Neocolonialism - 10/13/2011 Neocolonialism (economic...

Info iconThis preview shows pages 1–2. Sign up to view the full content.

View Full Document Right Arrow Icon

Info iconThis preview has intentionally blurred sections. Sign up to view the full version.

View Full DocumentRight Arrow Icon
This is the end of the preview. Sign up to access the rest of the document.

Unformatted text preview: 10/13/2011 Neocolonialism (economic aspects) GEOG 259 Study island nations for quiz as well Independence recap- Forging new identities o Nativism- Opportunity for change o Self-government o Free trade, access to international markets (being able to determine who you can trade with, as opposed to mercantilism)- Continuity o Export of raw materials (agriculture and mining) o Hierarchal societies o Dependence of foreign investors Neocolonialism- 1880-1930 (read Chestines chapter and ish)- Progress o What is progress: economic growth, connectedness o How do we know progress occurs, indicators? Change in the landscape (industrialization, urban landscapes, and general improvement in living conditions/education/rights. Etc.)- Modernization a process of progress in technology, infrastructure o Modernization theory: stages/steps for development according to various indicators (literacy, health, education...)- Comparative advantage: competing in costs of production (silver, bananas). Some latin American countries are tailor made to produce certain goods. A great example of the Enlightenment- Uncle Sams new class in the art of self-governance in Harpers weekly, Americans felt superior in their ability to rule themselves, and the need to help other countries.- Cuba and Philippines were disobedient, while Hawaii and Puerto Rico were obedient. 19 th Century Progress- Increase in technology.- Railroads the main indicator of modernity and extraction of resources (and thats it, not for public transportation)- Bridges- Telegraph- Refrigeration- Through direct foreign investments and loans. Mostly by the US- Railroads are difficult to build (esp. through the Andes)- Copper, Zinc, Silver, and Lead were prime mineral resources.- Focus was on extracting resources and getting them to the coast, an idea that was also present during colonial period....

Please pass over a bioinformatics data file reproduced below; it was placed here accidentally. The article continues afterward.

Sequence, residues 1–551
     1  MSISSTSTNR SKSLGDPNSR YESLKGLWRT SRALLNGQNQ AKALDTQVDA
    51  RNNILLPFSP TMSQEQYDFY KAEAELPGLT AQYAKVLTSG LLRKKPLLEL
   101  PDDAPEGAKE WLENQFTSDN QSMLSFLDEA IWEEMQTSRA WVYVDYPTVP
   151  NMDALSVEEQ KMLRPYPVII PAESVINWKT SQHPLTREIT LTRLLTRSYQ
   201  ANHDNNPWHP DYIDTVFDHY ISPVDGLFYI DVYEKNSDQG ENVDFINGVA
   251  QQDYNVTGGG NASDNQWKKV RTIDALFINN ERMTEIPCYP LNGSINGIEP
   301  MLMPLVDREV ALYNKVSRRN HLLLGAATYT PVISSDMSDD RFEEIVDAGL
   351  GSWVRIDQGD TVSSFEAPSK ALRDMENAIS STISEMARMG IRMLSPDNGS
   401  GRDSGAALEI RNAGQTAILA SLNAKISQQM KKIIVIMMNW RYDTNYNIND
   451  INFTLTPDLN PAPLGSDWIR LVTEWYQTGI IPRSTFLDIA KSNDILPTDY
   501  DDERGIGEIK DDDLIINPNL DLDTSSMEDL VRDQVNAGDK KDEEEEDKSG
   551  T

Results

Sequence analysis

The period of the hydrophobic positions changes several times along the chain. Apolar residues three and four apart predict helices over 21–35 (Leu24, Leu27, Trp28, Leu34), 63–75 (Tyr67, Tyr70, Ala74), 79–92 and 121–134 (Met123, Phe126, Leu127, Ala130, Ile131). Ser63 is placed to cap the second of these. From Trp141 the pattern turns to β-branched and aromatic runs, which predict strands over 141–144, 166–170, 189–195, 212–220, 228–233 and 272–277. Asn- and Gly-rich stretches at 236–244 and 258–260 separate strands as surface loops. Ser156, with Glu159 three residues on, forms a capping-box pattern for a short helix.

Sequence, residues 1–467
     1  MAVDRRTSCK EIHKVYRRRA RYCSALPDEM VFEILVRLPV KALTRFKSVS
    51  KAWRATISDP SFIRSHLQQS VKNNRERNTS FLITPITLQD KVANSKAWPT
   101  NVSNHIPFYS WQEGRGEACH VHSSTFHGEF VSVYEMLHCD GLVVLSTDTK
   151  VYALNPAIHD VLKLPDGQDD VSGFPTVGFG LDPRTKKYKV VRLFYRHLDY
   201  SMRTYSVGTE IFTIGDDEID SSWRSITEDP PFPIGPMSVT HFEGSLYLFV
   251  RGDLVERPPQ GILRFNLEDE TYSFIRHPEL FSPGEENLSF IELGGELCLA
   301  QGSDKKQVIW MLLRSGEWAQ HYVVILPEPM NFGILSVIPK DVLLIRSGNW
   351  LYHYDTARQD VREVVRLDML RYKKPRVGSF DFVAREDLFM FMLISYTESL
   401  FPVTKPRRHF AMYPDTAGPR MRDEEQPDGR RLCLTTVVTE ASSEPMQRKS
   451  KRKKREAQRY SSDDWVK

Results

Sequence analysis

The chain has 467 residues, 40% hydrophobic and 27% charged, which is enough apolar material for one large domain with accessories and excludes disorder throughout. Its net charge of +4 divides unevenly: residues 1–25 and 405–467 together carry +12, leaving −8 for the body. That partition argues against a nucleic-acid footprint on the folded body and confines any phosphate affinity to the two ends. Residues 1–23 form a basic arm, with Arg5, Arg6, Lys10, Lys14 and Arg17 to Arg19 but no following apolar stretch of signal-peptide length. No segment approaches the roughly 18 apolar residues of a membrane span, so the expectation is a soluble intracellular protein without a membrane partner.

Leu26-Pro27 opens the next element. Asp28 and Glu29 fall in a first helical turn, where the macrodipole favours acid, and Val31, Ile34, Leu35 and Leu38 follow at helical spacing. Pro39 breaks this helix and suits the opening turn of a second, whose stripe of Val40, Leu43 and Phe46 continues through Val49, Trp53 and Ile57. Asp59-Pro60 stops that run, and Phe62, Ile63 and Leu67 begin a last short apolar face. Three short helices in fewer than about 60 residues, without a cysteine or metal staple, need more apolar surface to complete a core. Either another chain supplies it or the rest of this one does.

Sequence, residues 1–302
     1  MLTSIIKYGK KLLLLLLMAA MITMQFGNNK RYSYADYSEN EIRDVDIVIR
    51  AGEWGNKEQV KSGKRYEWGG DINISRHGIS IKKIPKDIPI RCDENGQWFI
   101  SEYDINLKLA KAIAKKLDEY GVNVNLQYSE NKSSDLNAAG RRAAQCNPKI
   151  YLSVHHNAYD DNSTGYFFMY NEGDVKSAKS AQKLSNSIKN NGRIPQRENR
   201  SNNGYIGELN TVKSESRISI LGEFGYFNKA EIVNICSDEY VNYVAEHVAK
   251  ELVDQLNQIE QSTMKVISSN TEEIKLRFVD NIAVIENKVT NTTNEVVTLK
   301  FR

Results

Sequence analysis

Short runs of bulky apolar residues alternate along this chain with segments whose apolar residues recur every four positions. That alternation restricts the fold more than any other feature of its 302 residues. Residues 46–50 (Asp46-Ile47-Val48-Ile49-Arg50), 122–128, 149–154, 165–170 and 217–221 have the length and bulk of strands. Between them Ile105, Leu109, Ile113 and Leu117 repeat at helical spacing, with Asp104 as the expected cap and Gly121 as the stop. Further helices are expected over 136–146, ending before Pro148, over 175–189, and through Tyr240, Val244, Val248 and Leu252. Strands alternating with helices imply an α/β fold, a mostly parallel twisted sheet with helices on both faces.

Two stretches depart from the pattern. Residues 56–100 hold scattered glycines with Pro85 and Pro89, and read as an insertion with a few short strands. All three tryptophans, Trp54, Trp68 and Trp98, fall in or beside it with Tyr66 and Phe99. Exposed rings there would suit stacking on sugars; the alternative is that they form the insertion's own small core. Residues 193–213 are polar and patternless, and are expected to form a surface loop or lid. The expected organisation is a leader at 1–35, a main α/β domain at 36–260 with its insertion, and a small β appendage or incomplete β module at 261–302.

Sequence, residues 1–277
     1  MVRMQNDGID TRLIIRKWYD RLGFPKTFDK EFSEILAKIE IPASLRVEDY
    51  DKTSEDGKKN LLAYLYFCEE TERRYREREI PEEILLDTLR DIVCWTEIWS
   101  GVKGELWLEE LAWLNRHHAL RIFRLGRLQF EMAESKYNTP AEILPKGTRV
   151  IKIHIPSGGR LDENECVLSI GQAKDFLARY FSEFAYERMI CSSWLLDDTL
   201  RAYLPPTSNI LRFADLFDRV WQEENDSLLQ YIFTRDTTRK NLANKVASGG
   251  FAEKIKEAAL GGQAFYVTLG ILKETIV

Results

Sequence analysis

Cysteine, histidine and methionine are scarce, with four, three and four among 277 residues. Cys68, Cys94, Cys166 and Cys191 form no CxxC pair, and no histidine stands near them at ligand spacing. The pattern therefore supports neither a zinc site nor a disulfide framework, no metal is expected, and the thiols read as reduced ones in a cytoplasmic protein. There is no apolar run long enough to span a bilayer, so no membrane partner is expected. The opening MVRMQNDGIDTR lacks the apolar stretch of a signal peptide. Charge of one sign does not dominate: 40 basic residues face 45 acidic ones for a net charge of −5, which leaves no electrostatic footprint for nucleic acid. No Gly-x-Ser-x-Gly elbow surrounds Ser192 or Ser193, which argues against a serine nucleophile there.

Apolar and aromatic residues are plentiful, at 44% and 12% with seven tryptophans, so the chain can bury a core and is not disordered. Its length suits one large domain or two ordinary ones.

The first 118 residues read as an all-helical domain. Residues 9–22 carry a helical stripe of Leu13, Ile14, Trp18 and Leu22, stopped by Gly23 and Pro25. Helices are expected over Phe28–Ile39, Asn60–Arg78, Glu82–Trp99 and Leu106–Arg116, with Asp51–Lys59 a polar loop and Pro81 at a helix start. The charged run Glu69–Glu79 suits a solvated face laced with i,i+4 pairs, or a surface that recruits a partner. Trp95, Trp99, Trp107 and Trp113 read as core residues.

View Full Document

This note was uploaded on 02/22/2012 for the course GEOG 259 taught by Professor Staff during the Fall '08 term at UNC.

Page1 / 4

Neocolonialism - 10/13/2011 Neocolonialism (economic...

This preview shows document pages 1 - 2. Sign up to view the full document.

View Full Document Right Arrow Icon
Ask a homework question - tutors are online